We are an American Company, we have an employee, Stephanie, who is a nurse at one of our hospitals. Her rotating shift is an essential function of her job. Because it's so difficult to find nurses who are willing to work the night shift, the only way the hospital can support the shift is by requiring them to rotate. For the last eight weeks, however, we have allowed Stephanie to work a straight day shift.
We did that because her doctor reported that she was experiencing fatigue-induced seizures. Her doctor anticipated that if she just worked a straight day shift for a few weeks, she should be able to get the necessary rest to overcome her medical situation.
I approached Stephanie today about changing back to the rotating shift. She told me that she believes her seizures are an Americans with Disabilities Act (ADA) disability and the fact that she has been able to work a straight shift for the last eight weeks demonstrates that the rotating shift isn't an essential function of her job. Is she right?
Many courts that have addressed this issue have refused to punish employers for being more generous, or more accommodating, than the ADA would otherwise require. Assuming the rotating shift is indeed an essential job function, you could have refused to change her shift from the very beginning and instead placed her on an unpaid leave of absence as an accommodation.
The fact that you went out of your way to help her continue working — by letting her out of an essential function on a temporary basis — shouldn't affect the fact that the function is still essential.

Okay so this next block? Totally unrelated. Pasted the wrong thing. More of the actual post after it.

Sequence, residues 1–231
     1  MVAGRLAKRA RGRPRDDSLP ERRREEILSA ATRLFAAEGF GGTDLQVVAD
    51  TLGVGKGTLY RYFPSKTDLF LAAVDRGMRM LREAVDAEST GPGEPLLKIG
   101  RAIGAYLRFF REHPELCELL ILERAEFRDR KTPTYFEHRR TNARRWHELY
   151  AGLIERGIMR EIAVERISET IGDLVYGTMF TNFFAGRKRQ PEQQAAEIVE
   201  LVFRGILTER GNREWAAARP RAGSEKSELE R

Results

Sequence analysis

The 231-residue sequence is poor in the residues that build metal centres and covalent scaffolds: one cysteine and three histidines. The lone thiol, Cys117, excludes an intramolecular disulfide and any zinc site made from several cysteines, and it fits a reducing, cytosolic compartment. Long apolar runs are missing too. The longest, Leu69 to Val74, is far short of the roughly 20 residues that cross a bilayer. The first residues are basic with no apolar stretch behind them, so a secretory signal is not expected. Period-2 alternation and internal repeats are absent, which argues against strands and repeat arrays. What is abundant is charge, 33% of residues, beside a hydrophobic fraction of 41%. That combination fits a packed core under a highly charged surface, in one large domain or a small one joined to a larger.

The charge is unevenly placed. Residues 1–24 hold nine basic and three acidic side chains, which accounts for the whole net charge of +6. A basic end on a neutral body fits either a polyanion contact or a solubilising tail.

On the other hand, some courts have also indicated that allowing an employee to avoid performing an essential job function can undermine the argument that the function was essential to begin with. In such a case, the employer could be required to allow the employee to continue working on a permanent basis without performing the essential job duty at issue.
In short, this is a highly fact-intensive inquiry, and no employer wants to be the test case to see whether this good deed will be punished. So before you excuse someone from an essential function of her job, you should consult with your employment attorney. In dealing with Stephanie, you could take the position that the rotating shift is (and always was) an essential function, but there is some risk that a court may disagree.